What needs to be done to address inequalities in health care for children around New Zealand
Thoughts from Cure Kids CEO, Frances Benge
Forty-seven years ago, two paediatricians shared one aspirational vision – to vastly improve the health of children in New Zealand.
Professor Bob Elliott and Dr Ron Caughey had the foresight to know that unless we started investing specifically in child health research, New Zealand would drop further down in the OECD health rankings. In 1971, after receiving a grant from Rotary, they founded the Child Health Research Foundation, which is today known as Cure Kids, the largest funder of child health research outside the Government.
We have come a long way in realising their dream – now with over 19 staff, we are working with the country’s top researchers, universities, and hospitals to make a tangible difference to the health and lives of Kiwi kids and their families.
Today, Cure Kids is currently funding over $10 million across 60 health research projects around New Zealand. In the past 47 years Cure Kids has invested over $40 million towards research that has made a huge impact in areas such as sudden infant death syndrome (SUDI), cot death, stillbirth, cystic fibrosis and sudden cardiac death.
We are proud to be making a difference to the lives of those most vulnerable, but it is still not enough.
How do we compare to other OECD countries?
While New Zealand has some of the highest living standards in the world, this does not translate into high standards of health and wellbeing for our children. Unicef recently ranked the health and wellbeing of New Zealand children 38th out of 41 developed countries. This puts us behind countries like Bulgaria, Chile and Mexico.
Each year 40,000 Kiwi kids under the age of 14 are hospitalised for poverty-related health conditions.
Our country has the third highest obesity rate in children among OECD countries. A startling 32% of children aged 2 -14 are considered obese, while respiratory illnesses are the fourth most common cause of death in New Zealand children. Despite developments in medical care, we still lose around 50 babies to Sudden Unexpected Death in Infancy (SUDI) each year, of which the majority tragically fall disproportionately on Maori families and those living in relative deprivation.
Why is it this way?
I truly believe that sub-standard housing conditions, high living costs, inequalities in education, and the widening gap between the rich and the poor all have pivotal roles to play.
Many of us are reluctant to feel responsible for the wellbeing of children unless we have a personal connection with them.
The 2017 Children in New Zealand Communities Survey found many families said they had little contact with vulnerable children ‘at risk’ of not thriving – families, children or young people experiencing problems such as struggling to pay for basic needs, an unhappy home environment or health and learning difficulties. Ninety percent of the survey participants felt no sense of responsibility for kids they do not have a personal connection with. This sentiment shows it is easy for many to turn a blind eye to problems which do not directly impact them.
Many of the problems around child health are preventable, namely upper respiratory tract, ear and skin infections (NZ has the highest level of cellulitis in the world). And unfortunately, with such high rates we experience a downward spiral effect – these infections leading to poor adult health and educational outcomes.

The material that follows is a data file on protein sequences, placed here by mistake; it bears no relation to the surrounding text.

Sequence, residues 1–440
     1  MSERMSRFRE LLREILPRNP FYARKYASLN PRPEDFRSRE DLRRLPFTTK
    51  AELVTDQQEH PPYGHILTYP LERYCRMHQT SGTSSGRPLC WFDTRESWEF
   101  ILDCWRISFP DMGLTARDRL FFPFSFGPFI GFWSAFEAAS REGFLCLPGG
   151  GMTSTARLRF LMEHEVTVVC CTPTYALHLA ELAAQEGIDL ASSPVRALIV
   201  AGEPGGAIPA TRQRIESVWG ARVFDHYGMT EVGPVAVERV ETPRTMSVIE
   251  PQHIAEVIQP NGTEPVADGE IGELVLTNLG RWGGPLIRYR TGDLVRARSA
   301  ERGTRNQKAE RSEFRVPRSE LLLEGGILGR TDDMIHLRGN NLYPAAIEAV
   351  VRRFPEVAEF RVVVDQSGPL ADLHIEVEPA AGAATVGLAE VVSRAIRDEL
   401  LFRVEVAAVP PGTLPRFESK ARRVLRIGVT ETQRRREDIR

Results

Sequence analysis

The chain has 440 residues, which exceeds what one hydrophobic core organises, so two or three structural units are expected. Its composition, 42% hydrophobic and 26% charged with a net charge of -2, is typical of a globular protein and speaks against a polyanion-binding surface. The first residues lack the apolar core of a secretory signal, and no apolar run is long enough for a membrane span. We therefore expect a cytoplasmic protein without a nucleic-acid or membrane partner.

Early Intervention is key.
Cure Kids is leading the way on funding research to tackle health inequalities.
We’re supporting Community Paediatrician, Dr Ali Leversha who’s working to improve outcomes for children in Auckland’s Tamaki area, a multicultural community with significant socioeconomic disadvantage, to ensure they are healthy, socially, emotionally and developmentally when they start school. Her programme, Welcome to School, runs assessments to intervene with children not meeting developmental milestones.
Dr Leversha is also working with lower decile schools in Counties Manukau to identify better ways to treat ‘school sores’ (infected insect bites, cellulitis, eczema, abscesses and severe infections) in kids. Comparing topical antibiotic cream with alternatives such as basic wound care, she aims to find a solution to a common problem affecting Māori and Pacific children.
Meanwhile, Professor Cameron Grant is tackling recurrent respiratory illness. Each year, around 10% of children in New Zealand under the age of two are hospitalised with an acute respiratory infection. He’s found the risk of being hospitalised is 4-5 times greater for children living in deprived households. His study looks at the benefits of giving vitamin D supplements to children under two who are hospitalised with an acute lower respiratory infection.
We’re forever grateful for researchers so passionate about breaking down the barriers which cause inequalities in health care.
Like Professor Bob Elliott and Dr Ron Caughey, we will never give up on the kids that need our help, New Zealand is a small community and these children live in our beautiful backyard.
I believe it’s time to open our eyes, acknowledge these health inequalities and take more responsibility for the future generations of New Zealand. Our Tamariki don’t have a choice about their situation, but we do. It’s time to create meaningful change.
For more information about the research projects Cure Kids is supporting in this space, please learn more here.